IBJNews

NEWSMAKER: Republic's Bedford keeps low profile, makes big impact

Back to TopCommentsE-mailPrintBookmark and Share
Year In Review

For the head of an 11,000-employee company, Bryan Bedford has all the profile around these parts as a participant in the federal witness protection program.

In recent years, the CEO of Republic Airways Holdings has infrequently granted interviews in his airlines’ hometown. He’s not a prominent figure in business circles, either, as was George Mikelsons, CEO of the former ATA Airlines.

Bryan Bedford

Bedford has had lots to say lately in Denver and Milwaukee, where Republic acquired Frontier Airlines and Midwest Airlines. Mostly he’s been fielding obligatory questions as to what Republic has in mind for those major employers.

In a recent interview with The Denver Post, however, Bedford opened up about, of all things, his religious beliefs. The devout Catholic with eight children and a nearly 20-year marriage has frequently mentioned God in company newsletters.

“I pray for God’s continued blessings on our families and our airline,” he told the Post.

“This tells you where I come from, what makes me tick, and this is what I believe and what the company value system is,” he added.

Secularists went apoplectic. A Denver professor of ethics said he was worried by such talk. Bedford seemed amused by such criticism.

“Gasp … He talks about God in public and to his employees,” he told the newspaper, in response.

While Bedford’s unapologetic infusion of the Deity into the workplace has some wringing hands, they’re hard-pressed to fault his business sense. Republic, now a branded carrier holding company, has posted consistent profits and growth during his tenure.

Bedford came to Indianapolis in 1999 and has been credited for turning around what had been a money-losing regional carrier with a fleet of propeller-driven aircraft.

One of the first things the former Mesaba Holdings CEO and his team did was to renegotiate Republic’s compensation agreements with major airlines. Previously, the regional carrier was paid under a prorated formula, getting a portion of the dollar amount of fares. That was fine until fare prices fell.

Instead, they secured fixed-fee contracts that insulated Republic’s Chautauqua Airlines from falling fares.

Bedford also led the re-fleeting of the company—ditching propeller planes for Embraer jets that resembled shrunken versions of big airliners.•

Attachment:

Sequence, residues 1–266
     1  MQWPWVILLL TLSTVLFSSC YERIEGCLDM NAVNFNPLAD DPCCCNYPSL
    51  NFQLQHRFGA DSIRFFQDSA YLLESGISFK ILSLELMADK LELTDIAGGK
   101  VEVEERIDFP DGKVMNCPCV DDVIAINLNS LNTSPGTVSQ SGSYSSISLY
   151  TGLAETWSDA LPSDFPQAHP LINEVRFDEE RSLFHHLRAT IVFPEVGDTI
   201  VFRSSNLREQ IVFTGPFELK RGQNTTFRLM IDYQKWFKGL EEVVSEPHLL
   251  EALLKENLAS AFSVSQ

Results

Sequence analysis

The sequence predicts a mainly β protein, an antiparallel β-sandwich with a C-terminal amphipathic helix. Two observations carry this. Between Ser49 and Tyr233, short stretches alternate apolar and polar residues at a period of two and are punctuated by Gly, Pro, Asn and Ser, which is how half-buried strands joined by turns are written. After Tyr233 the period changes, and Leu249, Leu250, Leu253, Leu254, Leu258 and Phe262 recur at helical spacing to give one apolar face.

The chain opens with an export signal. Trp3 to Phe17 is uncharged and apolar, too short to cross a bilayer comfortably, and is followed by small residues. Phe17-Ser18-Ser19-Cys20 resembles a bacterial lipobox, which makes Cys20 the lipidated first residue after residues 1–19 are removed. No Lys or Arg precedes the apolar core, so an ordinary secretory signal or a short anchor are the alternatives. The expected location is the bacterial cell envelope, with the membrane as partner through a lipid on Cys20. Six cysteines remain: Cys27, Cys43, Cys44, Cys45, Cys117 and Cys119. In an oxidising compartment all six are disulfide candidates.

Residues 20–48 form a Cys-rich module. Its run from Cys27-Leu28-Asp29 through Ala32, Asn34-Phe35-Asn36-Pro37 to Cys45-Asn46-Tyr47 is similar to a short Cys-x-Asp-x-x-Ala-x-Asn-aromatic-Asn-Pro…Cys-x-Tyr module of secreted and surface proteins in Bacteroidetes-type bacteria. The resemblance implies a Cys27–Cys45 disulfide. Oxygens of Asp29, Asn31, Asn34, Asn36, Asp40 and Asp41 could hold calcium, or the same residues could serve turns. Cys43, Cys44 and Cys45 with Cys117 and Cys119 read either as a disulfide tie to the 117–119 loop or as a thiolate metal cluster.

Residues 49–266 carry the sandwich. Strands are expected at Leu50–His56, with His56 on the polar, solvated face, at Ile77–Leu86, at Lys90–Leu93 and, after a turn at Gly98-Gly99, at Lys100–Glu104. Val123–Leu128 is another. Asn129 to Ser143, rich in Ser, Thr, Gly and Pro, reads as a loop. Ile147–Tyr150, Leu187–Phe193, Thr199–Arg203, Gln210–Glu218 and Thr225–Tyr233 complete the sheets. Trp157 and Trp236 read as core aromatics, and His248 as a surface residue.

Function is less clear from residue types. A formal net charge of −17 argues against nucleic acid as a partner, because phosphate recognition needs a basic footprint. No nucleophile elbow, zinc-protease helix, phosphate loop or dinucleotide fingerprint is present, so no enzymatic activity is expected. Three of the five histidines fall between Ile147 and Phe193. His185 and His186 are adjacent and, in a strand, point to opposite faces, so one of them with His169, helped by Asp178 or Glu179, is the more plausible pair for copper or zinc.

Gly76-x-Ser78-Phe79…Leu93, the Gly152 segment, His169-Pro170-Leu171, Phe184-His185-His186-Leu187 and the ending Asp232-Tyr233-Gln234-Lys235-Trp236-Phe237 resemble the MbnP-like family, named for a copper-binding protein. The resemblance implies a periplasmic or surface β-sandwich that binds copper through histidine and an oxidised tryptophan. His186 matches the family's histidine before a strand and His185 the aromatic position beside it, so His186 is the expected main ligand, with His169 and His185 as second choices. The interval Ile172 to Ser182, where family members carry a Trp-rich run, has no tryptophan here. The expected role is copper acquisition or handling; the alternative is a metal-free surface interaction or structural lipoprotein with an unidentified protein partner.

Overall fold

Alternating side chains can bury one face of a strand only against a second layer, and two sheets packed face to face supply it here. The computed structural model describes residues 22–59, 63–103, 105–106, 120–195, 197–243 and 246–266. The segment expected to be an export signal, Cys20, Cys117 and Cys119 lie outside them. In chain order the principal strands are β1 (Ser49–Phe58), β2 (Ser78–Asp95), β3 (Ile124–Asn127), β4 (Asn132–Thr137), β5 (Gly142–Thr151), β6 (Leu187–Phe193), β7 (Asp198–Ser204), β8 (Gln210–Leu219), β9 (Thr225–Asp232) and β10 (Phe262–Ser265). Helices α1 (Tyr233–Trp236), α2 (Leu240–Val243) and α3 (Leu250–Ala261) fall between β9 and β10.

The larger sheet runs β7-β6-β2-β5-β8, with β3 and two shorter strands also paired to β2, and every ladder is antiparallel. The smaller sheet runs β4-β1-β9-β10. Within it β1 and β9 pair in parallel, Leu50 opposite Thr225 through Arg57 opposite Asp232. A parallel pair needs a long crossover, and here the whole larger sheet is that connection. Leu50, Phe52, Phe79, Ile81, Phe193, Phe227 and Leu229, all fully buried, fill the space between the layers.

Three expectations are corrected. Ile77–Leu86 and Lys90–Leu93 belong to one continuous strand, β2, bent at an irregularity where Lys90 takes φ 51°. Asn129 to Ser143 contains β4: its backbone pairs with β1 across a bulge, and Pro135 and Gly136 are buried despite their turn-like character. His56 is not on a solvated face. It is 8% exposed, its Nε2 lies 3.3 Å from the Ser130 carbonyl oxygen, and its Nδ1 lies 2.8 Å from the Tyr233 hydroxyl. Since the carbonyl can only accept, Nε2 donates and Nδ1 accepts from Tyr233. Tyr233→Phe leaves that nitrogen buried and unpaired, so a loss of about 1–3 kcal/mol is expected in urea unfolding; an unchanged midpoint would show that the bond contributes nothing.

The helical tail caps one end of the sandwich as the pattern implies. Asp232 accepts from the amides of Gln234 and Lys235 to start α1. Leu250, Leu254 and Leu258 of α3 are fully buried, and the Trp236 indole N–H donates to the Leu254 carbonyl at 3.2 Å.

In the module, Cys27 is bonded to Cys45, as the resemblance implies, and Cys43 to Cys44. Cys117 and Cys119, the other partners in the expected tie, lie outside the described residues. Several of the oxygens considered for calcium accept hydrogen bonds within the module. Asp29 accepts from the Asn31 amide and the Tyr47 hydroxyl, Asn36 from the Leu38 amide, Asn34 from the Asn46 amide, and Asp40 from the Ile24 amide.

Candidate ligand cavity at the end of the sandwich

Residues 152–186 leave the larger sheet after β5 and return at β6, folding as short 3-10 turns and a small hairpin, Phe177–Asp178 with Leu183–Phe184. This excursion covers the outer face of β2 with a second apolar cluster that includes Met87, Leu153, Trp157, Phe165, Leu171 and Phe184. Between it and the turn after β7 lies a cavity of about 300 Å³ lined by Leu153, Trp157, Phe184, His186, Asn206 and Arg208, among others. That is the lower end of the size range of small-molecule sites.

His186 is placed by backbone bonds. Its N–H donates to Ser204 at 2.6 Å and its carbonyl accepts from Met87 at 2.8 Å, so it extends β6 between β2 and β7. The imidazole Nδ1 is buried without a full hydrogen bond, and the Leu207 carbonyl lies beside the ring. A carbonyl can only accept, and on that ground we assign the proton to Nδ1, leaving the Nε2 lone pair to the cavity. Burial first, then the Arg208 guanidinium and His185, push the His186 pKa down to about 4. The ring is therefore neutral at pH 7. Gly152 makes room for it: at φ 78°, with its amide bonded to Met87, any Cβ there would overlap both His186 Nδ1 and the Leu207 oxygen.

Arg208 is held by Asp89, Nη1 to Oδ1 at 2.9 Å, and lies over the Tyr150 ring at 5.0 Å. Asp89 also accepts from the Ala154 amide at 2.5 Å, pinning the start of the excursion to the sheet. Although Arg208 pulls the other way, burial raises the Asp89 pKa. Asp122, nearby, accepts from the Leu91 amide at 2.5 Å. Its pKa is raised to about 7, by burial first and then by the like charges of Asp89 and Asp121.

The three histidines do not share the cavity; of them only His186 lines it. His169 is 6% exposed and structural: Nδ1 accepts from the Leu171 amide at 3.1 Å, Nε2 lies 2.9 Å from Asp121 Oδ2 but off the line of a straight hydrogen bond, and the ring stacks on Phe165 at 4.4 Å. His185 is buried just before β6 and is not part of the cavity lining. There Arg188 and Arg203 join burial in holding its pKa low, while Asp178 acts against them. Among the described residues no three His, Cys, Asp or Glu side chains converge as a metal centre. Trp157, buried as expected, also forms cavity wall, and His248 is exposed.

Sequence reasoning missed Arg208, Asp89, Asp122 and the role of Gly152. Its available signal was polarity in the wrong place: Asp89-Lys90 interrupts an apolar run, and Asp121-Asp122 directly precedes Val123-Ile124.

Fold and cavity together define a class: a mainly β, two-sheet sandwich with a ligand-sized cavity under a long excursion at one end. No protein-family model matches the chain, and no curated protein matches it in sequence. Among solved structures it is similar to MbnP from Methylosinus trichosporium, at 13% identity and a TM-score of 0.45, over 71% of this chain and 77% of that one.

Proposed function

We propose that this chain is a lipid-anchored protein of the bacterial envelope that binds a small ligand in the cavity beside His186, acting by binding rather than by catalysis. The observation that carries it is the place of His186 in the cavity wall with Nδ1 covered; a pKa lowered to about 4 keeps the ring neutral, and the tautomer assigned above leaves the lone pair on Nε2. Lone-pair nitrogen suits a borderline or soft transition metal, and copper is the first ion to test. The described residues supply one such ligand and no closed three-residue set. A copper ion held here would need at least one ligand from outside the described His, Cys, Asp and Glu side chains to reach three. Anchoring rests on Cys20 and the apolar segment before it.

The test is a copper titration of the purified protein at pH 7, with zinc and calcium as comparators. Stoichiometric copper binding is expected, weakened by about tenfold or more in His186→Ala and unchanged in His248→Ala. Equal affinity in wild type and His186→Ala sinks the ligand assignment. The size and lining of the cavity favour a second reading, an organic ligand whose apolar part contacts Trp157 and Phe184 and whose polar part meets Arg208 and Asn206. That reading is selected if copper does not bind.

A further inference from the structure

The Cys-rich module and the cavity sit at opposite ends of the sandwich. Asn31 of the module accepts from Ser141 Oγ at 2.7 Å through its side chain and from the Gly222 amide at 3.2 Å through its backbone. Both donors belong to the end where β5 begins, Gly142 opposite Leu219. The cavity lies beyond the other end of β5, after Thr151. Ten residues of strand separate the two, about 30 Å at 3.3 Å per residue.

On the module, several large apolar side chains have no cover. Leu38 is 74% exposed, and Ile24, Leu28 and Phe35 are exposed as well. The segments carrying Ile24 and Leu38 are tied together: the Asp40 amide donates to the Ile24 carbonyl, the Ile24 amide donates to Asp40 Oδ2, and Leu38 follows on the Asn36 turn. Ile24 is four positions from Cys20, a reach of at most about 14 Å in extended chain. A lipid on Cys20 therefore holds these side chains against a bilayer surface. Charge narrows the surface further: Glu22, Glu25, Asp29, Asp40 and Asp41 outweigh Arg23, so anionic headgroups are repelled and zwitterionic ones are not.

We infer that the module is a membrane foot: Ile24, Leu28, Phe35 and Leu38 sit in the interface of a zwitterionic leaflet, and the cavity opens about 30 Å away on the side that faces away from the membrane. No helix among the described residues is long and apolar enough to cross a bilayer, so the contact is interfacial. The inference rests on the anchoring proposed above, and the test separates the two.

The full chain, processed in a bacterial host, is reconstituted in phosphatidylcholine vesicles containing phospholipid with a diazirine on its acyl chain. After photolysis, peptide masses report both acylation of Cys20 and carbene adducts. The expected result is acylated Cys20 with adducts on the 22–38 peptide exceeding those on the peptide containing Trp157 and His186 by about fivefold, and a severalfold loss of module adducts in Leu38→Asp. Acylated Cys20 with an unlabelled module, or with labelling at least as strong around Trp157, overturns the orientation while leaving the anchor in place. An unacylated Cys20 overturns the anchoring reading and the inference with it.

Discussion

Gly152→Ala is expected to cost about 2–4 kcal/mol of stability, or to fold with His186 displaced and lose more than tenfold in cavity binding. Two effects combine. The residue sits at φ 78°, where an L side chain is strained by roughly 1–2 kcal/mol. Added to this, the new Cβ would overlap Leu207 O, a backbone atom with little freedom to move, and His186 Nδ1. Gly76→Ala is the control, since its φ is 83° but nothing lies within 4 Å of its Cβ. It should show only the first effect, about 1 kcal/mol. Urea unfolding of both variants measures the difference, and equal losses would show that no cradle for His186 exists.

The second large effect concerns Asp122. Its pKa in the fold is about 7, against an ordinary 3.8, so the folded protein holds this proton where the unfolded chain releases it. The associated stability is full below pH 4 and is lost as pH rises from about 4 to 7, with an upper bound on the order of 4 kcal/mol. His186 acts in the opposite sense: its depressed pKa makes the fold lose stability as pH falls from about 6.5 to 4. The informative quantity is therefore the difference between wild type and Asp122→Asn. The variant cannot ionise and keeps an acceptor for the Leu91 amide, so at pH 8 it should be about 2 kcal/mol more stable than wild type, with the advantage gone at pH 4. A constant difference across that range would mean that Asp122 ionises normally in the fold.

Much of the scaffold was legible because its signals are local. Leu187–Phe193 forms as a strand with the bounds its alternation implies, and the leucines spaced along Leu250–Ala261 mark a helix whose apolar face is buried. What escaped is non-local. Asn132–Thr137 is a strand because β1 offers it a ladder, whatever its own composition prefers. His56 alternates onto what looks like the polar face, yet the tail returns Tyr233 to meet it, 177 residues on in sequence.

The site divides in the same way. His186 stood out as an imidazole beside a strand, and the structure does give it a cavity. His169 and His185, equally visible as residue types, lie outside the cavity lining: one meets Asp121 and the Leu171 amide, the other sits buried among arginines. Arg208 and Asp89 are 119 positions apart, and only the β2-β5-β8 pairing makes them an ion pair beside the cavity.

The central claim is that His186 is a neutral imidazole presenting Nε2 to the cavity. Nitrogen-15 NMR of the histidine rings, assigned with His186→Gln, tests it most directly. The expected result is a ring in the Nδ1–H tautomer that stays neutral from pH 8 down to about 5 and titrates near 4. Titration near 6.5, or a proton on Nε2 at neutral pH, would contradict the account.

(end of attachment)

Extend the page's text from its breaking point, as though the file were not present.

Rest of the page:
ADVERTISEMENT

Post a comment to this story

COMMENTS POLICY
We reserve the right to remove any post that we feel is obscene, profane, vulgar, racist, sexually explicit, abusive, or hateful.
 
You are legally responsible for what you post and your anonymity is not guaranteed.
 
Posts that insult, defame, threaten, harass or abuse other readers or people mentioned in IBJ editorial content are also subject to removal. Please respect the privacy of individuals and refrain from posting personal information.
 
No solicitations, spamming or advertisements are allowed. Readers may post links to other informational websites that are relevant to the topic at hand, but please do not link to objectionable material.
 
We may remove messages that are unrelated to the topic, encourage illegal activity, use all capital letters or are unreadable.
 

Messages that are flagged by readers as objectionable will be reviewed and may or may not be removed. Please do not flag a post simply because you disagree with it.

Sponsored by
ADVERTISEMENT

facebook - twitter on Facebook & Twitter

Follow on TwitterFollow IBJ on Facebook:
Follow on TwitterFollow IBJ's Tweets on these topics:
 
Subscribe to IBJ
  1. "This was a very localized, Indiana issue," he said. As in, Indiana failed to expand Medicaid to cover its poor citizens resulting in the loss of essential medical services, including this EMS company. Well done, Indiana GOP. Here are the real death panels: GOP state governments who refuse to expand Medicaid for political reasons.

  2. In the "one for all, all for none" socialist doctrine the sick die...this plus obama"care" equates to caucasian genocide plus pushed flight to cities thus further eroding the conservative base and the continualed spiral toward complete liberal/progressive/marxist America.

  3. There is a simple reason why WISH is not reporting on this story. LIN has others stations in different markets that are affiliated with CBS. Reporting about CBS blindsiding WISH/LIN due to CBS's greed and bullying tatics would risk any future negoations LIN will have with CBS in other markets.

  4. My best always! Dave Wilson

  5. How did Columbus, Ohio pull off a car share service without a single dollar of public subsidies? They must not have a mayor who is on the take like Indianapolis. Daimler Benz offers Columbus residents their Smart Cars on a market-driven basis: "This has some neat features. Cars don’t have to be picked up and dropped off at fixed points. You find one with your smart phone based on GPS, and drop it off anywhere in the service area you can find a spot – even at a meter. These cars aren’t required to feed the meter so you get free on street parking while using them. I was told this system was put in place on a market basis without subsidies – and that the vendor actually pays the city for the use of the meters." http://www.urbanophile.com/2014/05/26/checking-in-on-columbus/

ADVERTISEMENT